Hudson Valley Folk Guild
[Home Page] [Newsletters] [Music Samples] [Events]
[About Us] [Guestbook] [Contact]

Volume 21, Issue 3: January & February 2001

Other newsletter segments:

Kingston chapter news, Patterson chapter news, and Poughkeepsie chapter news.

The Placement and Fit of Archtop Instrument Bridges

by Bruce Morrison

The owners of archtop fretted instruments are well aware of the importance of having the bridge correctly located for optimum intonation. Yet, two of the most important aspects of archtop instrument bridging, the fit of the bridge feet to the soundboard and having the bridge stand perpendicular to the soundboard, are frequently overlooked. When either of these particulars of bridging are incorrect, an instrument's ability to produce its best sound is impaired.

Placing the bridge of an archtop instrument for the optimum intonation is a two-step operation. The first step measures the bridge's mathematically correct position, then adds an approximate amount of compensation. Using that position as a reference point, the second step determines the bridge's correct compensation position. Use the metric scale to make these measurements. Becuase metric uses smaller units of measurement, it's more accurate. Also, it's easier to read because there are no fractions to correlate.

To determine the bridge's mathematically correct position for the first string, measure the distance from the front face of the nut to the middle of the twelfth fret. Double it. The doubled figure is the bridge's mathematically correct location. Now we add a little extra to approximate the compensation. This is done to get us as close to the bridge's correct compensated position as possible so that we'll have to move the bridge as few times. For a short scale insturment such as the mandolin, add 2mm. Longer scale instruments such as the guitar require the addition of 4mm. For the bridge's location on the lowest string, add 2 to 3mm to the figure for the first string on a short scale instrument, and 3 to 5mm for a long scale instrument. Once you've recorded those figures, tune your instrument down to about three-quarter tension before repositioning the bridge. A bridge is much easier to move with the strings at reduced tension.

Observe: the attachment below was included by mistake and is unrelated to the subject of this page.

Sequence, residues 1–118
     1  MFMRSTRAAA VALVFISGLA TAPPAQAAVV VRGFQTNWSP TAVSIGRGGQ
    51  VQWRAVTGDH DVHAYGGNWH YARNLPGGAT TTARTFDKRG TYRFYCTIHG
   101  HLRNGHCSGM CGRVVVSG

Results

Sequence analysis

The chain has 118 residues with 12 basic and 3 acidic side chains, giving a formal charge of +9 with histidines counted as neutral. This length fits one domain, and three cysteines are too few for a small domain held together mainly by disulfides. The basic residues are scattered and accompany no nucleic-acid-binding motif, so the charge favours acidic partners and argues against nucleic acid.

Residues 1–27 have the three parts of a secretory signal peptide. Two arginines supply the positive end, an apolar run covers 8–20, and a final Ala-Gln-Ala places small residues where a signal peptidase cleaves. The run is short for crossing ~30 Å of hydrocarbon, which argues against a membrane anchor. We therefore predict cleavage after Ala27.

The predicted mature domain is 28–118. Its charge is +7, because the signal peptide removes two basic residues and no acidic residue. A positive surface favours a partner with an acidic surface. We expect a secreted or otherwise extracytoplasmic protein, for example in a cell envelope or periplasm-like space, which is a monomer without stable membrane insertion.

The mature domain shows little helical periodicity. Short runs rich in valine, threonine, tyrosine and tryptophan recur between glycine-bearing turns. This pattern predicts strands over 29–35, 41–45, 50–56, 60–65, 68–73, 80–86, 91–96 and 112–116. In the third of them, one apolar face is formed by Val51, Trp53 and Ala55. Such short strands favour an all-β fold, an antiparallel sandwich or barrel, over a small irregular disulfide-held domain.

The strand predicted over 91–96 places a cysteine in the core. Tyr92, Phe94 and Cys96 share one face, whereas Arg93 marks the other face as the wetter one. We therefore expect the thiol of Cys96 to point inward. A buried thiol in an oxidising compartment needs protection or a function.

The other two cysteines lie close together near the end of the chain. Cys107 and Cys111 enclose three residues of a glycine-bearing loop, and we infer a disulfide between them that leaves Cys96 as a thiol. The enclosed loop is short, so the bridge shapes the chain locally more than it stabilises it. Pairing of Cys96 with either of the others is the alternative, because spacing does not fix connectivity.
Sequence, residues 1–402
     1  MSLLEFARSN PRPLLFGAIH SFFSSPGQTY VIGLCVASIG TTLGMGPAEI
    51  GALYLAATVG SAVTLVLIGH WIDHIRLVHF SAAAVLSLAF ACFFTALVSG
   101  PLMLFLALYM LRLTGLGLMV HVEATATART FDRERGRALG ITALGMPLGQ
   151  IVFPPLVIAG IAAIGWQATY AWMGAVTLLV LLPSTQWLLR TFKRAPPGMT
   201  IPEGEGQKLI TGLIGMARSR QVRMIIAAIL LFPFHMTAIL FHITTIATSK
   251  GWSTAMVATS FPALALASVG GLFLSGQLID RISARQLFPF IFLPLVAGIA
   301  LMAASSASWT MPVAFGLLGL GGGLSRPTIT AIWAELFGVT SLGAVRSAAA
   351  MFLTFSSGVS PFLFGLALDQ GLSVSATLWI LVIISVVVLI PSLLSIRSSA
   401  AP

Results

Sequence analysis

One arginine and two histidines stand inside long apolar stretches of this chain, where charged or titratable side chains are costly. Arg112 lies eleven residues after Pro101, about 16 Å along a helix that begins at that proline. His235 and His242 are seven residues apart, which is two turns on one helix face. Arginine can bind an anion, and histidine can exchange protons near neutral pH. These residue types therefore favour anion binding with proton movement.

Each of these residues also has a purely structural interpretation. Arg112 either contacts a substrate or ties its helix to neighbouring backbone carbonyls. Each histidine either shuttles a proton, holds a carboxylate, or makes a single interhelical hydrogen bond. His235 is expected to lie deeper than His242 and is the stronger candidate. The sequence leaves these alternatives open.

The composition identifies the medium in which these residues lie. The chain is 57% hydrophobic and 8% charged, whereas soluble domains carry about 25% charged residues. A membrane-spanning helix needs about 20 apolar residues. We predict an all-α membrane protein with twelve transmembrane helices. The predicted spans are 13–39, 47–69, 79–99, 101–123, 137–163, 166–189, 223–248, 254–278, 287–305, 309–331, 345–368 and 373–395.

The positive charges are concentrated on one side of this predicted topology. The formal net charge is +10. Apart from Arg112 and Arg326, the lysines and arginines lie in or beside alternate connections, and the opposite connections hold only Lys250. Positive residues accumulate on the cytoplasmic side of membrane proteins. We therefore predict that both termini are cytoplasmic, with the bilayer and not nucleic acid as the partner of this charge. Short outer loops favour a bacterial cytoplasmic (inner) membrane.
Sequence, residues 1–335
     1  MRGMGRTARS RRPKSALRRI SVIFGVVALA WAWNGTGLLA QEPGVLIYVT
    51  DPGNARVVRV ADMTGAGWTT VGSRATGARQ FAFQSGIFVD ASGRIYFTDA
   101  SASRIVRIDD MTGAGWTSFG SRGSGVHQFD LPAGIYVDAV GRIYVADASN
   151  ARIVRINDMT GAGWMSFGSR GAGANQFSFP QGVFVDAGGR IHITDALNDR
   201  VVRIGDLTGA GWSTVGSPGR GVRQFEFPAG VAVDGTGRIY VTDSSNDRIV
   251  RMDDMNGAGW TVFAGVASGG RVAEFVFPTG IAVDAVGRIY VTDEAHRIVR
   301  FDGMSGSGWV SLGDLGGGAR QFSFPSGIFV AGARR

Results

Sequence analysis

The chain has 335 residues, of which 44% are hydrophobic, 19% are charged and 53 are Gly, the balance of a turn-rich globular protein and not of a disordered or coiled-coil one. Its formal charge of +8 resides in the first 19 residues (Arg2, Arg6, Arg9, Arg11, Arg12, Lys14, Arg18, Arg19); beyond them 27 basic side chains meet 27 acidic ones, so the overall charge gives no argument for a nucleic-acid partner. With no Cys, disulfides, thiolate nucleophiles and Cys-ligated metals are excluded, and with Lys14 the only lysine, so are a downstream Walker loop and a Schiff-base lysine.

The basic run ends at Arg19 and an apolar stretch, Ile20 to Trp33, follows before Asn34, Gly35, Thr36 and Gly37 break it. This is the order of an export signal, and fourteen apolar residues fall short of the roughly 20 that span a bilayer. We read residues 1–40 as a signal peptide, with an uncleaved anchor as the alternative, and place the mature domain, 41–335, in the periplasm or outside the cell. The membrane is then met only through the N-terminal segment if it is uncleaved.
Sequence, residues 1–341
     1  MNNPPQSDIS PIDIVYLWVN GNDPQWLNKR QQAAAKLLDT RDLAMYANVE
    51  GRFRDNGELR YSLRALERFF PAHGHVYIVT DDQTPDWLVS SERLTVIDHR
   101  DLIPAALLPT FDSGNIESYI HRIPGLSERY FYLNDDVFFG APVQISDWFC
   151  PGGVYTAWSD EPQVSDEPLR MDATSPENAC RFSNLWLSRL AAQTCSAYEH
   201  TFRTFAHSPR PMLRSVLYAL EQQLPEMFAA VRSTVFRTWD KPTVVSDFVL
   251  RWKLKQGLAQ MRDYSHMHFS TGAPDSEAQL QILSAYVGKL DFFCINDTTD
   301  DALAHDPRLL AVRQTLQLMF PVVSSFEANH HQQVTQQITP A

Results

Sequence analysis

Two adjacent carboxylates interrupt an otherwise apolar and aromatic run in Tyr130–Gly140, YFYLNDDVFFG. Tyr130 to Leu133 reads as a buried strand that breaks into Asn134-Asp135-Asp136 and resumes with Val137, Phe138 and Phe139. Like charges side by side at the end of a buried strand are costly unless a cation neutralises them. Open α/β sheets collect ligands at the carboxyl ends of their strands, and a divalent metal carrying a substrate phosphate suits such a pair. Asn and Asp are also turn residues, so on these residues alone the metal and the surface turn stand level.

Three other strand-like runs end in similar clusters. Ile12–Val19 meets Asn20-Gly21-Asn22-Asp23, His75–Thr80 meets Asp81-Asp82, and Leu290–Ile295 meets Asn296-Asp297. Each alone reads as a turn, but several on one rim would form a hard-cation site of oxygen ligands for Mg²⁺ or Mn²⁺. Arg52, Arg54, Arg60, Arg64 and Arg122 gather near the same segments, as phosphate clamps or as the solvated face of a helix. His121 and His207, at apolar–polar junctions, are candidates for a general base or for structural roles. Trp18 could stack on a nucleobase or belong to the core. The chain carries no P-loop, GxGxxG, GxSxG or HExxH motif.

To set the bridge in its correct compensated position, chime the first string at the twelfth fret. Then sound the string fretted at the twelfth fret. Compare the two notes. If the fretted note is flat, move the bridge away from the nut. Repeat this process until the two notes match. Do the same with the lowest string. That puts the bridge in the correct compensated position for the highest and lowest strings. You may find that it sits at a slight angle, not perpendicular to the strings. That's OK. Once it's in place, bring the instrument back up to concert pitch, being careful to keep the bridge perpendicular to the soundboard. Double check the intonation at concert pitch. You may need to readjust the bridge's position. Again, make any adjustments at reduced tension. As the fine tuning of the inner strings may require alteration of the bridge saddle, in most cases it's best to have a qualified repairman make those changes.

When the bridge feet do not fully contact the soundboard, string energy is dissipated into the air rather than being passed on to the soundboard. The result is an instrument that doesn't sound its best. When the bridge feet are properly fit, you should not be able to slip a .002" feeler gauge between them and the soundboard.

The bridge must stand perpendicular to the soundboard. Even though the bridge feet may be in full contact with the soundboard, having the bridge saddle lean forward or back ward prevents the strings from exerting their maximum downward pressure on the soundboard. If that pressure is not achieved, the instrument will not produce its best sound. This needs to be checked every so often as tuning up tends to pull the bridge saddle forward. You'll notice that this will probably happen as you return the instrument to pitch after moving the bridge. Depending on the arch of the soundboard, there are cases in which the bridge feet may be well forward of the saddle evern though the bridge is standing perpendicular.